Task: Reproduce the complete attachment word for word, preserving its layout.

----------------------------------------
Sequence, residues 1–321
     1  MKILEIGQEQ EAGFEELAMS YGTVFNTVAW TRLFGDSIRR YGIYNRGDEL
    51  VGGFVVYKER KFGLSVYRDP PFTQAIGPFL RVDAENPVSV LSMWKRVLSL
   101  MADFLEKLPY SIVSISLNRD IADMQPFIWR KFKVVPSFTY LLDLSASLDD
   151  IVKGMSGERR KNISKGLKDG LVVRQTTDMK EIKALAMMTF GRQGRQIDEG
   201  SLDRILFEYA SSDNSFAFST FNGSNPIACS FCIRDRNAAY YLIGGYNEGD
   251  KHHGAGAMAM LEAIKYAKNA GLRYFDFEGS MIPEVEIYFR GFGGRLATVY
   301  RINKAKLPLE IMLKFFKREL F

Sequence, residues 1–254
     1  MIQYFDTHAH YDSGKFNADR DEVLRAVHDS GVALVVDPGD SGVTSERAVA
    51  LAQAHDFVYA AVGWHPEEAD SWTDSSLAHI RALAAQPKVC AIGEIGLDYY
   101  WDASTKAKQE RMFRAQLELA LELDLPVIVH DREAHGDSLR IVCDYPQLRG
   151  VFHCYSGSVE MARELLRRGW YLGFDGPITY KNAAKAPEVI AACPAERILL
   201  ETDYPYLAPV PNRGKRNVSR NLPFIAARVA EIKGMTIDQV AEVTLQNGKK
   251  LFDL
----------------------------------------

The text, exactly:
Sequence, residues 1–321
     1  MKILEIGQEQ EAGFEELAMS YGTVFNTVAW TRLFGDSIRR YGIYNRGDEL
    51  VGGFVVYKER KFGLSVYRDP PFTQAIGPFL RVDAENPVSV LSMWKRVLSL
   101  MADFLEKLPY SIVSISLNRD IADMQPFIWR KFKVVPSFTY LLDLSASLDD
   151  IVKGMSGERR KNISKGLKDG LVVRQTTDMK EIKALAMMTF GRQGRQIDEG
   201  SLDRILFEYA SSDNSFAFST FNGSNPIACS FCIRDRNAAY YLIGGYNEGD
   251  KHHGAGAMAM LEAIKYAKNA GLRYFDFEGS MIPEVEIYFR GFGGRLATVY
   301  RINKAKLPLE IMLKFFKREL F

Sequence, residues 1–254
     1  MIQYFDTHAH YDSGKFNADR DEVLRAVHDS GVALVVDPGD SGVTSERAVA
    51  LAQAHDFVYA AVGWHPEEAD SWTDSSLAHI RALAAQPKVC AIGEIGLDYY
   101  WDASTKAKQE RMFRAQLELA LELDLPVIVH DREAHGDSLR IVCDYPQLRG
   151  VFHCYSGSVE MARELLRRGW YLGFDGPITY KNAAKAPEVI AACPAERILL
   201  ETDYPYLAPV PNRGKRNVSR NLPFIAARVA EIKGMTIDQV AEVTLQNGKK
   251  LFDL